The Carlisle Mosquito Online

Friday, June 30, 2000


Teens Give Suggestions for Summer Reading

Unfortunately, reading is not something I consider fun, or would do in my spare time. What's even sadder is that I feel I am fairly representative of the attitudes and opinions of most high school students towards reading. In the minds of students, reading, and books in general, are usually limited to the classroom and are coupled with a teacher and that feeling that you "have to do it." When asked why I think the attitudes towards "pleasure reading" (an oxymoron to many high school students' ears) have so drastically changed with the times, I could not really come up with a coherent answer. After some thought, though, I believe it has to do with the extremely busy lives high school students lead today. With college admissions becoming more and more competitive, students have to cram their spare time (after-school hours, weekends and even vacations sometimes) with sports, band, clubs and other extracurricular activities, in addition to homework. With the growing expectations and amount of work, I find it understandable that the average high-school student only finds time to pick up a book by choice during school breaks. Also, with the exciting advent of the Internet and new technologies, teens today have a lot more choices of activities that they can pursue in their leisure time, such as playing video games, chatting online and watching televisionnone of which should take the place of reading. So, with all that said, here is a short list of books which hopefully some students will use as a start, end, or whatever to their reading over this summer.

The New New Thing by Michael LewisHaving just finished this book as one of my five mandatory summer reading books at Middlesex School, I wonder why I had never heard of it before. A riveting 'Silicon Valley Tale" about billionaire Jim Clark's (founder of Silicon Graphics and Netscape) life and rise to incredible wealth, this book is not only entertaining and extremely interesting, it is also very informative about the ongoing Internet and technology revolution, and gets to the roots of the increasing ferocity of American capitalism.

Catcher in the Rye by J. D. SalingerThis is one book which all teenagers should read at some point for all can relate to Holden Caulfield, the cynical narrator of this story. Starting with his expulsion from high school, Holden reveals to the reader his thoughts and actions as a loner and nomad in a "phony" society. Much of this book, which was meant to comment on various aspects of teenage life in the forties, holds true and is relevant today for high school kids.

Into Thin Air by Jon KrakauerA chilling and tragic true-life story of a Mt. Everest expedition gone wrong. This horrific, touching and adventurous tale is a must-read for all. Though it is quite lengthy, once you're into it, you'll be done before you know it.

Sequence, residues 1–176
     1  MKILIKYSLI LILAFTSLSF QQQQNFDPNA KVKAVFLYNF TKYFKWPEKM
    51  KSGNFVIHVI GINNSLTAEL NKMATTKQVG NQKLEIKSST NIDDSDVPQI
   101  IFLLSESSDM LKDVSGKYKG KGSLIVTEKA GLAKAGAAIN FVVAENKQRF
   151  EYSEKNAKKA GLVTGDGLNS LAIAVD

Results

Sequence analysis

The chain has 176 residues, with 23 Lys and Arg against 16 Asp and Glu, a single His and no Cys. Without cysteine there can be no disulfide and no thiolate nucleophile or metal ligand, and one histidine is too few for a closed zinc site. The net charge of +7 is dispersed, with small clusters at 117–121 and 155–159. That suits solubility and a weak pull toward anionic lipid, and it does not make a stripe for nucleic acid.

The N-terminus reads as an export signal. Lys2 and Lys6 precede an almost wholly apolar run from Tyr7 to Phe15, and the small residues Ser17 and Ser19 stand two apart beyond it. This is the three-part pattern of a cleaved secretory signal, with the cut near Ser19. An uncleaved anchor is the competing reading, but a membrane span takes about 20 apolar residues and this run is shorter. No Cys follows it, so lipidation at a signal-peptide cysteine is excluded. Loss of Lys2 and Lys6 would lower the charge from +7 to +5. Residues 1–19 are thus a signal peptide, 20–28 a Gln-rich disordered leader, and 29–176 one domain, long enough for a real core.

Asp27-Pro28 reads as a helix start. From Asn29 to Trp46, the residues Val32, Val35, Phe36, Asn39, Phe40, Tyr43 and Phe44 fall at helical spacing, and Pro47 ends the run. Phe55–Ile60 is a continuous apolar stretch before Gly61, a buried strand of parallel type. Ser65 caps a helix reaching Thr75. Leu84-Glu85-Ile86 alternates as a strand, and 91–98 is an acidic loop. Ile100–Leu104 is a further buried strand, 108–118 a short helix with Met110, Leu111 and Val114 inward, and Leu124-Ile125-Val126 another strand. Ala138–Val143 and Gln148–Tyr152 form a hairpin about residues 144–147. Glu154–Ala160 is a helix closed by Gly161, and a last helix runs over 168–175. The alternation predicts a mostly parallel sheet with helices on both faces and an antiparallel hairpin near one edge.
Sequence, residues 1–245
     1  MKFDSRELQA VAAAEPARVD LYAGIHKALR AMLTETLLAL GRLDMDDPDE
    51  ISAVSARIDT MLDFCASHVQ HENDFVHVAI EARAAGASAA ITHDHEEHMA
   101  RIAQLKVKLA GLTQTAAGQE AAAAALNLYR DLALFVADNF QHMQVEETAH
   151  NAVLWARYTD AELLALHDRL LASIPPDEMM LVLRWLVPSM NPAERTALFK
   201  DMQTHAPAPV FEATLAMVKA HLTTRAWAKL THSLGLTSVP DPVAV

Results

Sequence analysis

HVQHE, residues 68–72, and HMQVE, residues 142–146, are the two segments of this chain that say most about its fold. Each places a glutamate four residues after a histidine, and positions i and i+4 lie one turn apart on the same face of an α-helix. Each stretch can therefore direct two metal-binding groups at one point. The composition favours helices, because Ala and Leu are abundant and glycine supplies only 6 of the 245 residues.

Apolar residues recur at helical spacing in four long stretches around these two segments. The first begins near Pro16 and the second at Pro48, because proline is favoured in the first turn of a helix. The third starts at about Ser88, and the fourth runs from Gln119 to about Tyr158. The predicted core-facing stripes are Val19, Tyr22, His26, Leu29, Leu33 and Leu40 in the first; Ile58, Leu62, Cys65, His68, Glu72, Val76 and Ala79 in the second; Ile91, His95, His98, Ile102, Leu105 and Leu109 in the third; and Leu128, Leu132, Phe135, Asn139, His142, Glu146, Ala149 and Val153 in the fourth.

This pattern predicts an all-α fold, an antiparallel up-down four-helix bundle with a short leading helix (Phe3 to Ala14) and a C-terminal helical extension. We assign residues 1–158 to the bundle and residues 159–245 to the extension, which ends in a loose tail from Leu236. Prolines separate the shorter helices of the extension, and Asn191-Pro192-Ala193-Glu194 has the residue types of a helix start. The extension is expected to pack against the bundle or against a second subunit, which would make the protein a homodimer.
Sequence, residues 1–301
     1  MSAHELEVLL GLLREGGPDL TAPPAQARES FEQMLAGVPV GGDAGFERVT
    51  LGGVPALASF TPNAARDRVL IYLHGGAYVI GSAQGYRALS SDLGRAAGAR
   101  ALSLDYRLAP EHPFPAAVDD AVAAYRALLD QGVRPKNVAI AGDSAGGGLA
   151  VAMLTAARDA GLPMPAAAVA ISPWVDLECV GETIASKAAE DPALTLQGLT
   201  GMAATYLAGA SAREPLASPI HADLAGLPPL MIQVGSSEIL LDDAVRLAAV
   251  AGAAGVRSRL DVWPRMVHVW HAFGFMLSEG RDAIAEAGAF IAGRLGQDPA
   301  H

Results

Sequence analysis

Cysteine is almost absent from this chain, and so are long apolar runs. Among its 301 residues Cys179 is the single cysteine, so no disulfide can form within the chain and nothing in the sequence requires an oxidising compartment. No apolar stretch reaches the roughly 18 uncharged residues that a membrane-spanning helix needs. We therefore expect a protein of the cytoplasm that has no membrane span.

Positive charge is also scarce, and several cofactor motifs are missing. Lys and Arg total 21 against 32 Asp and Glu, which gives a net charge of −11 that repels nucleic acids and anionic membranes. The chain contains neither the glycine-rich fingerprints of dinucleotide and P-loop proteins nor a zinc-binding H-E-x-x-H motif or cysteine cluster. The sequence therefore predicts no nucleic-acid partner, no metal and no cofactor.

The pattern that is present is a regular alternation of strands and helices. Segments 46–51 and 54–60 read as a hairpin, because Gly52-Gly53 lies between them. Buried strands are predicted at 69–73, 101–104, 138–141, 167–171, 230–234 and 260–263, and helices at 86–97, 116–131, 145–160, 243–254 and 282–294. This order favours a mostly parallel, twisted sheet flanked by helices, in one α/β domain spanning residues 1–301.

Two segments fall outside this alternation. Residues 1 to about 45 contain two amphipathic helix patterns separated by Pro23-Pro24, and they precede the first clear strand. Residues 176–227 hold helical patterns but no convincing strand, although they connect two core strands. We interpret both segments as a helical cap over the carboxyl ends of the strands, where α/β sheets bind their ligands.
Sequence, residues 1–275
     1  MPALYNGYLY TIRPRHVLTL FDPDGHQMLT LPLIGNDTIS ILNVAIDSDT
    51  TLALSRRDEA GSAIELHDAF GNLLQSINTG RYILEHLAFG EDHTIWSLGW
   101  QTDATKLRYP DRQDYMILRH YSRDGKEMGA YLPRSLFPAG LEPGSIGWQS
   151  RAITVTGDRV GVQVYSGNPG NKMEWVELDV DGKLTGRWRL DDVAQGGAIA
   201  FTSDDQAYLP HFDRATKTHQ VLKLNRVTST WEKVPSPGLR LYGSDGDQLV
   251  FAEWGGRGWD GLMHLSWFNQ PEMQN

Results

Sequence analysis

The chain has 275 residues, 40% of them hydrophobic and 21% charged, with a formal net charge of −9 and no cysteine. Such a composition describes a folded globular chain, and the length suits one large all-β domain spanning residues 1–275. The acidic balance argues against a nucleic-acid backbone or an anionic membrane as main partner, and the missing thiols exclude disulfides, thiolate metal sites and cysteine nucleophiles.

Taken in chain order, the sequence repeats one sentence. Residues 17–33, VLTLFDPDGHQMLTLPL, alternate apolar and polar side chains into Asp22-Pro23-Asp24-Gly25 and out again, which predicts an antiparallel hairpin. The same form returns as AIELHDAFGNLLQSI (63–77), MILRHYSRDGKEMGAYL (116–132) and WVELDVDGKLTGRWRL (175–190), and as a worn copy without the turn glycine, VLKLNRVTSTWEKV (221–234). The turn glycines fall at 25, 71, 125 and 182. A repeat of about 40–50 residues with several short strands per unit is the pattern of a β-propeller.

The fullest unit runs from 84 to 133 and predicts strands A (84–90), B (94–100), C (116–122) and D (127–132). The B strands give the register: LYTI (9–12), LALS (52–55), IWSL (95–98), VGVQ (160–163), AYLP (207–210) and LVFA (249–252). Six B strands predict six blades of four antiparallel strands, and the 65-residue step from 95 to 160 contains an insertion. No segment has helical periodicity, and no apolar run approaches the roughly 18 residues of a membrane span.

The Great Gatsby by F. Scott FitzgeraldOften referred to as "the great American novel," this is a classic story which, while developing a love story, at the same time defines the "get-rich-quick" decade of the twenties. This passionate love story between Daisy and Gatsby, a self-made man who believes in the "American Dream of Success," slowly unfolds, through the perspective of a cousin. Yet the various affairs and other incidents that occur serve as a means for Fitzgerald to comment (between the lines) on the changing ideals of American culture. This book really should be required reading for all teenagersand trust me you will appreciate it, and hopefully enjoy it as-much as I did.

The Old Man and the Sea by Ernest HemingwayWritten in Hemingway's unique, descriptive, yet simple style, this relatively short book is about a fisherman's struggle. Yet to truly understand the magnificence and tragedy of his work, one must read between the lines and pick up many symbolic references and metaphors, In short, it's a touching story about a lot more than just fish.

The Color of James McBrideA success story through the hardships of poverty and racism, this inspirational story "is about a black man giving tribute to his white mother." In each chapter the narrator switches between himself and his mother, creating a beautiful and "interesting book that I would recommend" (Suggested by Aaron Pinsky, a junior at CCHS).

War of the Worlds by H. G. WellsCommenting on culture and imperialism, this "is a science-fiction book which tells a story of how aliens from Mars attack Earth and destroy much of England. Though it was first published in the fifties, I recommend it to anyone interested in science fiction, or to anyone who wants to be scared out of his mind by this stunningly realistic "first-hand" account of an invasion." (Suggested by Stephen Foster, a junior at CCHS).

To Kill a Mockingbird by Harper LeeMost people by their high school years have read this book, but if you have not, I would definitely recommend it. Being one of the most well-known classics ever written, this novel incorporates racism, the law and other strong forces affecting the lives of three young children in the 1930's, to form a dramatic story with a powerful ending. (Suggested by Brian Abend, a junior at CCHS).

2000 The Carlisle Mosquito